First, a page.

Post Process

Everything to do with E-discovery & ESI

What happens when the Review Application is Smarter than we are?

Posted by rjbiii on July 27, 2009

According to an article in the Science section of the NY Times, scientists have become concerned that machines may one day outsmart us.

Impressed and alarmed by advances in artificial intelligence, a group of computer scientists is debating whether there should be limits on research that might lead to loss of human control over computer-based systems that carry a growing share of society’s workload, from waging war to chatting with customers on the phone.

Their concern is that further advances could create profound social disruptions and even have dangerous consequences.

I think that there is no doubt that a profound change is occurring here, and that we need to (at least attempt to) proactively manage the change. In our industry, we have seen some displacement of attorneys reviewing documents due to outsourcing. What happens when the review application not only stores the review data, but also actually conducts the review for relevance as well? Yet trying to install limits on the growth of technology is a difficult, and perhaps ill-advised, effort.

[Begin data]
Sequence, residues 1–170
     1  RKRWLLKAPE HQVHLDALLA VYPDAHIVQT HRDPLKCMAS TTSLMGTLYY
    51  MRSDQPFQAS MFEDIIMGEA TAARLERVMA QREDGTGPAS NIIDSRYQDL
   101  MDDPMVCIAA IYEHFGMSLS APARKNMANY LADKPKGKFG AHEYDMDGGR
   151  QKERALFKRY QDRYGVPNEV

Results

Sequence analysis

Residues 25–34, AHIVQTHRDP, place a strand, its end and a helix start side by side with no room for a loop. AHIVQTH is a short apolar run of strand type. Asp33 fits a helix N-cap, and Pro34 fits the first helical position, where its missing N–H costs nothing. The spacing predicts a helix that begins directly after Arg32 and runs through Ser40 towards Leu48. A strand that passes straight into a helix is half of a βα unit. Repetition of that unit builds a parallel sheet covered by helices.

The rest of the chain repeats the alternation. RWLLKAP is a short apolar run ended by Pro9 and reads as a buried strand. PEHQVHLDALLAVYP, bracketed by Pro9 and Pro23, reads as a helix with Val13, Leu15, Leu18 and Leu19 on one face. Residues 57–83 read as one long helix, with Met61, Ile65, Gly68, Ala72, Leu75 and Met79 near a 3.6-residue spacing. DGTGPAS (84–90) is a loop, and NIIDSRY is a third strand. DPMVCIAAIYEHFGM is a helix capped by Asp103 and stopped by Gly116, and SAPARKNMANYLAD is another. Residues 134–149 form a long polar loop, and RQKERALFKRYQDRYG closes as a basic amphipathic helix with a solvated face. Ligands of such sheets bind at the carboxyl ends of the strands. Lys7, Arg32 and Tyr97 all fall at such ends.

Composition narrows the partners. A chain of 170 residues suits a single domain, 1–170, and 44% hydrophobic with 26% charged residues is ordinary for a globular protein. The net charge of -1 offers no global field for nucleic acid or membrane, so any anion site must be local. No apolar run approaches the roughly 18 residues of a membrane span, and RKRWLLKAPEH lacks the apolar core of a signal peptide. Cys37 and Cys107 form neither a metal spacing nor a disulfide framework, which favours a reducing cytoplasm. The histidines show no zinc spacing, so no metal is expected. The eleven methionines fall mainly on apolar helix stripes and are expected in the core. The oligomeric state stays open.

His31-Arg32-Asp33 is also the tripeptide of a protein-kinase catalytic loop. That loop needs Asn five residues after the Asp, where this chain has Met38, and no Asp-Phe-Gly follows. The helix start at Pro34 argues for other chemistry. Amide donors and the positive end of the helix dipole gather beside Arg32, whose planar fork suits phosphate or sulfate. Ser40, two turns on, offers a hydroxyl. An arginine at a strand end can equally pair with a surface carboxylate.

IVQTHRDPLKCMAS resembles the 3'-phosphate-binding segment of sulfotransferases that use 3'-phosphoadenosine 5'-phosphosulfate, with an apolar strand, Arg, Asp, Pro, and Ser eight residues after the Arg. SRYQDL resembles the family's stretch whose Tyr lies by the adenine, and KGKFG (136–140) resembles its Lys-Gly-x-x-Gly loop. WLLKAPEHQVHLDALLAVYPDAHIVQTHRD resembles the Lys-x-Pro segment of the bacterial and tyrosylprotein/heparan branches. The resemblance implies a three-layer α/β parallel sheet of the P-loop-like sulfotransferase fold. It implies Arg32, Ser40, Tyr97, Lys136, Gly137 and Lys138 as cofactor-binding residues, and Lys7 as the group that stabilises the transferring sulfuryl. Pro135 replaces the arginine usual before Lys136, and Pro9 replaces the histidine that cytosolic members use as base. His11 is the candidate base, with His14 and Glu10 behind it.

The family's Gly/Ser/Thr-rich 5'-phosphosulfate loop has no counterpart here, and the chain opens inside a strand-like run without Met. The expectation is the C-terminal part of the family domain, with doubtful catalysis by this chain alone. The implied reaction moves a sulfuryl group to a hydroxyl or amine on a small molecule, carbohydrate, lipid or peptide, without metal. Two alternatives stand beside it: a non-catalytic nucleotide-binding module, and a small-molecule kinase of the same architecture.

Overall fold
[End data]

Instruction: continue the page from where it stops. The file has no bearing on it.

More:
The article continues by mentioning scenarios which have machines taking over…or at least foresee the ending of the “human era.” Interestingly, the final passages look at an interesting occurrence in these times:
Despite his concerns, Dr. Horvitz said he was hopeful that artificial intelligence research would benefit humans, and perhaps even compensate for human failings. He recently demonstrated a voice-based system that he designed to ask patients about their symptoms and to respond with empathy. When a mother said her child was having diarrhea, the face on the screen said, “Oh no, sorry to hear that.”

A physician told him afterward that it was wonderful that the system responded to human emotion. “That’s a great idea,” Dr. Horvitz said he was told. “I have no time for that.”

So here, we program a machine to simulate human emotion, alleviating the need for a real human to be supportive. Of all the ways the future can go, I would say that humans attempting to emulate machine-like behavior for the sake of efficiency is the worst choice. We cannot be better machines than machines…we can only maintain a true course in all of this chaos by embracing our own humanity. The doctor above who “had no time” to be supportive needs (ahem) to be re-programmed.

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